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Getting the Goods

Fairfax County stands to take in millions of dollars in proffers from revitalization projects, but the community must come together to ensure that the money is spent effectively.

If you’ve traveled along Richmond Highway in the past couple of weeks you have probably noticed the fencing and heavy construction equipment at Kings Crossing. I have had numerous people ask me two important questions about this project: 1) “What are they doing at Kings Crossing?” and 2) “Are they going to build new turn lanes?”

My answers:

1) The site’s developer, JBG/R, is proceeding with Phase II of the Kings Crossing development, which will include four retail pad sites totaling about 20,000 square feet; and

2) No, because it was a by-right development, so the county had no legal authority to require turn lanes as part of Phase II.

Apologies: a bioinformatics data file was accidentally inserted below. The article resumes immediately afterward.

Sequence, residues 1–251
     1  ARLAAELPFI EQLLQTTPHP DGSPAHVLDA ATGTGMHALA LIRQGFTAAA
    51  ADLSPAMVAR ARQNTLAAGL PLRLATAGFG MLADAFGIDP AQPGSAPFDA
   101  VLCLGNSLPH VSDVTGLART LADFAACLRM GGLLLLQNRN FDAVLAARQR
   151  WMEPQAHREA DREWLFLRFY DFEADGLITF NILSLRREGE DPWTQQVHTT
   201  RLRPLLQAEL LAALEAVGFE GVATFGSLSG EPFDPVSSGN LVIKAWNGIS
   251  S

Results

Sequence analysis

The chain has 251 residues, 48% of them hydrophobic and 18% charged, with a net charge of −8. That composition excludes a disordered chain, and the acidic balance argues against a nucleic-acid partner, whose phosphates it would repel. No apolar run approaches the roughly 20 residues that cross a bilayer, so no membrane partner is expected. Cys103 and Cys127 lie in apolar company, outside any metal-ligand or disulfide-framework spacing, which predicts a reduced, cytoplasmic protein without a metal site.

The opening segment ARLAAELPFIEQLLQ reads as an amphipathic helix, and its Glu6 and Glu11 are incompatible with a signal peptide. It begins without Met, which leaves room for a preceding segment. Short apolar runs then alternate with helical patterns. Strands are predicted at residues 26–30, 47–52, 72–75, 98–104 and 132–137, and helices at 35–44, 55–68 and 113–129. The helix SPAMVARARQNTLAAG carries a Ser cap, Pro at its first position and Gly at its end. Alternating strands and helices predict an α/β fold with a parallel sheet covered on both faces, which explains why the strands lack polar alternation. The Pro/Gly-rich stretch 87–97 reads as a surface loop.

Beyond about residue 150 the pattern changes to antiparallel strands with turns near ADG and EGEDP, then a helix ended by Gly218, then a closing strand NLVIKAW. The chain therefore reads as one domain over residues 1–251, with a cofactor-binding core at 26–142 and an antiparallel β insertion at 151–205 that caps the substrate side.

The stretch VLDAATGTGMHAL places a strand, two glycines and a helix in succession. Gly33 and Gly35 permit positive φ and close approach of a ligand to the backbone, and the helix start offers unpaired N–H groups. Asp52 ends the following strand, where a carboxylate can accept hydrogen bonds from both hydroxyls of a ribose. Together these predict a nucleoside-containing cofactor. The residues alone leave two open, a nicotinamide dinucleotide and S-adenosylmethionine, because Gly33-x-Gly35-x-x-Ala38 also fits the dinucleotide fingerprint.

This particular project underscores one of the leading arguments in favor of commercial revitalization: it can help pay for community “goods” like intersection improvements, streetscaping, parks, sidewalks, and schools.  If a developer wants to rezone a property for a more intensive use, Virginia law enables Fairfax County to use the rezoning process to negotiate with the developer to pay the county upfront for the construction of such community goods.  This system of “proffers” ensures that new development can help enhance the community in which it occurs.

Conversely, if a developer chooses the path of least resistance—a by-right development—the county has no such leverage.  If the zoning is already in place the county cannot demand payment from a developer to build what is already legally permissible.  Only when a change occurs in the use and/or intensity of a site can the county request proffers from a developer. 

Taking a look at the overall Penn Daw area there will be many opportunities for Fairfax County to leverage private investments into funding for public improvements in the coming years.  The Comprehensive Plan amendment for Kings Crossing that was adopted in 2010 envisions more than 900 housing units in the area located between Quander Road and Fairview Drive.  Two plan amendments currently under county review envision close to 1,000 more units as part of three separate developments on the west side of Richmond Highway: Penn Daw Plaza, the Spicer property, and the Fast Eddie’s site.